USA Debates What to do About Poison Attacks: What About These Two Other Poison Attacks?
I want to encourage thinking, so “way to go” USA for pausing to consider the pros and cons of replying to Syria’s civil war and apparent poison attack. I will watch that debate, but it brings up two other poison attacks.
First, what should be our response to our so-called normal society’s chemical warfare against citizens who are considered crazy? I am referring to psychotropic drugging of people diagnosed with mental health problems. If you find these drugs helpful, then I am not talking about you.
I am talking about the coercive administration of neuroleptic anti-psychotic drugs: Long ago that was Thorazine, Haldol, etc. and now Abilify, Zyprexa, etc. These drugs are often the ones given forcibly by injections on wards. Now they are the chemicals often court ordered on people living in there own homes in the community.
These drugs are being given from the young to the old. We are seeing two year old children given these drugs, because loving parents have been tricked into thinking their kids have a chemical imbalance. All the elders on many hospices are being put on these drugs.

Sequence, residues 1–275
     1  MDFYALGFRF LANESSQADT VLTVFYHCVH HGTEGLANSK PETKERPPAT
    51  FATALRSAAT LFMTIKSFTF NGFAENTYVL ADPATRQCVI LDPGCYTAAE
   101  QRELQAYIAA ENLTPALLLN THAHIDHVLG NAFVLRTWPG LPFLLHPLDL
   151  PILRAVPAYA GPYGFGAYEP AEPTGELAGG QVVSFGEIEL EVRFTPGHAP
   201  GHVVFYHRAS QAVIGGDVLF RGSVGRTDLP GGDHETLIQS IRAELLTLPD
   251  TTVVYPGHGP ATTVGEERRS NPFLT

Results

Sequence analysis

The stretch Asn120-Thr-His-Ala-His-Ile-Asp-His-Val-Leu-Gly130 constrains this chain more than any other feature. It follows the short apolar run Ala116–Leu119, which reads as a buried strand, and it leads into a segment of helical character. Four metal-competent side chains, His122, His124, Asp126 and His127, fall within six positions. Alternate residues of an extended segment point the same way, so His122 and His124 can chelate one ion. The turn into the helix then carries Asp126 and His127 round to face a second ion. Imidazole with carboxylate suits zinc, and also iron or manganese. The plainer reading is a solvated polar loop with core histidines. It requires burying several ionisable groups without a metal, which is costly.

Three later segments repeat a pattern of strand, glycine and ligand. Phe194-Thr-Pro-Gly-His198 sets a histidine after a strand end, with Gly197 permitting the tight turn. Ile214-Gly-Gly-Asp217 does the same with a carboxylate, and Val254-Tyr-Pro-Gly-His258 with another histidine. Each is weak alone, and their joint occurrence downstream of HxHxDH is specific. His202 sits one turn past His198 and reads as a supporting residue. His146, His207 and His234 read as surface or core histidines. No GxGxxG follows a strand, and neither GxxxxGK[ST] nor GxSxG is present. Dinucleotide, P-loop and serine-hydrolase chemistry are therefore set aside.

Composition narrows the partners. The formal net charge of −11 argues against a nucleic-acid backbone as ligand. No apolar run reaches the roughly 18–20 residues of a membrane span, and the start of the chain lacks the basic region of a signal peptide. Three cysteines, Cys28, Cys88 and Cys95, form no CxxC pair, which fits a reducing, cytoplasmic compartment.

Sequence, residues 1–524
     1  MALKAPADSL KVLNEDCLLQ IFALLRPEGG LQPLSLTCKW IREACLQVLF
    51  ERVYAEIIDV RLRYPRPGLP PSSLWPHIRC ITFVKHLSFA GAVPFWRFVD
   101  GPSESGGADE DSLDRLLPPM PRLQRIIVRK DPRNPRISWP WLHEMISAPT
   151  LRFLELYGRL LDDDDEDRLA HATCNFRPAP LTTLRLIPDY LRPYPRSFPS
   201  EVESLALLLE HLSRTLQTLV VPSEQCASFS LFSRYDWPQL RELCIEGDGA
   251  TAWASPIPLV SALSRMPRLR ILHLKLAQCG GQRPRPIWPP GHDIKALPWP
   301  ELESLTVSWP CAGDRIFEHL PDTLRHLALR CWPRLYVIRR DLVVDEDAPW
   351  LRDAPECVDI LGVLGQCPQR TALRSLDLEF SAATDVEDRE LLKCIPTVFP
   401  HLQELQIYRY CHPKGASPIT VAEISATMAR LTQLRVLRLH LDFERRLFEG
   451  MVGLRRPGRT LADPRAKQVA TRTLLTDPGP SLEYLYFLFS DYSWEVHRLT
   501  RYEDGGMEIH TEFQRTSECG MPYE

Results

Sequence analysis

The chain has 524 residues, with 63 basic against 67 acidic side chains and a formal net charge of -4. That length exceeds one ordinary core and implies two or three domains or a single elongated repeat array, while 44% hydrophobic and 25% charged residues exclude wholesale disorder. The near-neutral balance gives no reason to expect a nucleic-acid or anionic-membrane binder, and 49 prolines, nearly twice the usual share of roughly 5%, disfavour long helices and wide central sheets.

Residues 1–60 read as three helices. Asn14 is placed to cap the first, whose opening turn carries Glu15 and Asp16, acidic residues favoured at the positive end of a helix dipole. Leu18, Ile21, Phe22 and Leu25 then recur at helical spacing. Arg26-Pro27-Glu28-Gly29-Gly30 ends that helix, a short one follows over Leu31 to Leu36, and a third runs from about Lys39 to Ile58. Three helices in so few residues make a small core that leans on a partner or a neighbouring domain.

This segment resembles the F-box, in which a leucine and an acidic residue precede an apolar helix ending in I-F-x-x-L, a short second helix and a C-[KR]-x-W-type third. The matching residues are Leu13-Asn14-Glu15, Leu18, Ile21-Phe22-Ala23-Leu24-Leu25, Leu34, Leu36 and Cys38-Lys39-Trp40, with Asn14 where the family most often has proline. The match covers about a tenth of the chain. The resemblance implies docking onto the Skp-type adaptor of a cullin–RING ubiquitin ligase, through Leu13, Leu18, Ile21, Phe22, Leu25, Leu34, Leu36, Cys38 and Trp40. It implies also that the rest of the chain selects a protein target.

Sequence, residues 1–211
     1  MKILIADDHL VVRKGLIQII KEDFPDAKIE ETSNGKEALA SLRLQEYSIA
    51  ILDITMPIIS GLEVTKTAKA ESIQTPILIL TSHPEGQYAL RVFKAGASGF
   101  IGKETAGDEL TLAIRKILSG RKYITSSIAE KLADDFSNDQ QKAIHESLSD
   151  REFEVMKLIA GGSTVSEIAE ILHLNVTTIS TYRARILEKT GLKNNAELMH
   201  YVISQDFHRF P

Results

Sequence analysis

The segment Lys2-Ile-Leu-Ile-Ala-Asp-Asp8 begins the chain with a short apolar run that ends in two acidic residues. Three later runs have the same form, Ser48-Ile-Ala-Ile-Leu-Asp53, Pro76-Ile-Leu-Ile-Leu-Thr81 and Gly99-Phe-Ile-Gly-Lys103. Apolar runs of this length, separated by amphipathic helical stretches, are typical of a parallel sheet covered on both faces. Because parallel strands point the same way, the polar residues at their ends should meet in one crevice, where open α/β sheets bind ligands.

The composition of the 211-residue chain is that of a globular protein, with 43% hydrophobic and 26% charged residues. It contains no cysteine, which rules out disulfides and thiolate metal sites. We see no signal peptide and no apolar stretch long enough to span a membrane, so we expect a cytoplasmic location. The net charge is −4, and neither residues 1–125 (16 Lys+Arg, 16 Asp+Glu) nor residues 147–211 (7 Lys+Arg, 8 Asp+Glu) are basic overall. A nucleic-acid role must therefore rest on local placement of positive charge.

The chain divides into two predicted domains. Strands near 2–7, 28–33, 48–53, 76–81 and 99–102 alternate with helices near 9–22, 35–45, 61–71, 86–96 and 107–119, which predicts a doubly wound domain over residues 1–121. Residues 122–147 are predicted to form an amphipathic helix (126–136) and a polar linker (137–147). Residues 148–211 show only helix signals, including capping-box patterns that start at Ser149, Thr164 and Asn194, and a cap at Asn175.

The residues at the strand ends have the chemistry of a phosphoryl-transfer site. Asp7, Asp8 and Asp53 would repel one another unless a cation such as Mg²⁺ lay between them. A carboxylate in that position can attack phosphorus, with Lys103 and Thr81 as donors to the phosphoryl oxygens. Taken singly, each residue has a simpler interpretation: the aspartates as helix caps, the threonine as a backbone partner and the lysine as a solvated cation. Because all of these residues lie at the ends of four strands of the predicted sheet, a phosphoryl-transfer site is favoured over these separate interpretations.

This family of drugs can shrink the frontal lobes which were once targets of the lobotomy.
So how do we respond to this chemical attack on the marginalized and dis-empowered?
This amounts to a chemical crusade causing untold suffering to so many people all over the world. Author Robert Whitaker shows the scientific evidence that non-drug alternatives such as open dialogue, peer support, and cognitive behavioral therapy can often be more effective in the long run for mental health problems.
Second, how about the chemical warfare by the so-called normal against Earth herself such as the emission of green house gasses? The climate crisis threatens our whole ecosystem. So how do we respond to this poison attack on our planet?
I do not have an easy answer for any of these chemical attacks. But maybe this week of thinking might remind us that we just celebrated Martin Luther King’s dream speech.
If we the people flexed our non violent muscles in a united and powerful way, couldn’t we reply to all of these attacks through our creative maladjustment?
By the way, MLK’s prepared written remarks fifty years ago talked about creative frustration, but he instead improvised about his dream. Let us all this week be as creative as he was.
At the top of this blog see how my wonderful wife Debra was creative with the rose petals on my face. Thanks to the great personal assistant Michael for his support on this blog entry.